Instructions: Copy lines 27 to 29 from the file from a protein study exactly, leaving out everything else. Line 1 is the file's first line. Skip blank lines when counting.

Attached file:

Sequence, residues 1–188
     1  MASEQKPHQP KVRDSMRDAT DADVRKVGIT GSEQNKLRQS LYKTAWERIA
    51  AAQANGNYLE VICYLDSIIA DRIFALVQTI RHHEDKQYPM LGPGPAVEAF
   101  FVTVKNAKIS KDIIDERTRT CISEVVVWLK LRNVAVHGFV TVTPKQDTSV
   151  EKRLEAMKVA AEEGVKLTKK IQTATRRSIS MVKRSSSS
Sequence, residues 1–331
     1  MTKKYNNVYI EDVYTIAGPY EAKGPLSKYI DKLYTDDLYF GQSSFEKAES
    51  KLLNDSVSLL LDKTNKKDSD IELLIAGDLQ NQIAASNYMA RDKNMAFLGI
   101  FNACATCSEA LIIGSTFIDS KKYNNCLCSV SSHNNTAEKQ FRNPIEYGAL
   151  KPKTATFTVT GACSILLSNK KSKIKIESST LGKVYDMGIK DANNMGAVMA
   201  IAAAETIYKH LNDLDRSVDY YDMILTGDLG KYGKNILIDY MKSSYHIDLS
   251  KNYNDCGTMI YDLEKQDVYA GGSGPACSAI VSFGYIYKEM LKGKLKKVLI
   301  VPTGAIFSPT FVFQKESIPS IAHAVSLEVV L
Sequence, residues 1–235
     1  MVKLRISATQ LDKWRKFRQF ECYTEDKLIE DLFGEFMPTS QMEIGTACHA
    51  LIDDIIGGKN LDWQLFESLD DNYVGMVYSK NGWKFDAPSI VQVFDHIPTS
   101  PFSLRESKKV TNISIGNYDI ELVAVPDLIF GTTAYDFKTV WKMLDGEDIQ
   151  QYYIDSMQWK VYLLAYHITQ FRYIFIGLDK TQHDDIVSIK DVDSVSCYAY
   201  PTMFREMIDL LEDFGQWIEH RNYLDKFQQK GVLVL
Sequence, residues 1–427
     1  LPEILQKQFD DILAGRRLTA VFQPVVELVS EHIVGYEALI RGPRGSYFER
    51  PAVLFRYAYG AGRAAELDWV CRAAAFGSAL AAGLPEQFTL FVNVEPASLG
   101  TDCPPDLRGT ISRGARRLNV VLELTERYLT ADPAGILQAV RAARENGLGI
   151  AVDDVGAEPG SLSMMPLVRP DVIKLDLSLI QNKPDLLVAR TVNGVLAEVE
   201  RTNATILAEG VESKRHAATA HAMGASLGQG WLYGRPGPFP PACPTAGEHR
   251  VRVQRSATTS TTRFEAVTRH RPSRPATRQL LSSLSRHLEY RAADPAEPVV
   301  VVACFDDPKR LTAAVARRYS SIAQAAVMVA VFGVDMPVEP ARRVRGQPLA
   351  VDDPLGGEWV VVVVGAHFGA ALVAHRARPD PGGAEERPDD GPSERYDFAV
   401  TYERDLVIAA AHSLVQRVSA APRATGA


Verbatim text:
   301  VVACFDDPKR LTAAVARRYS SIAQAAVMVA VFGVDMPVEP ARRVRGQPLA
   351  VDDPLGGEWV VVVVGAHFGA ALVAHRARPD PGGAEERPDD GPSERYDFAV
   401  TYERDLVIAA AHSLVQRVSA APRATGA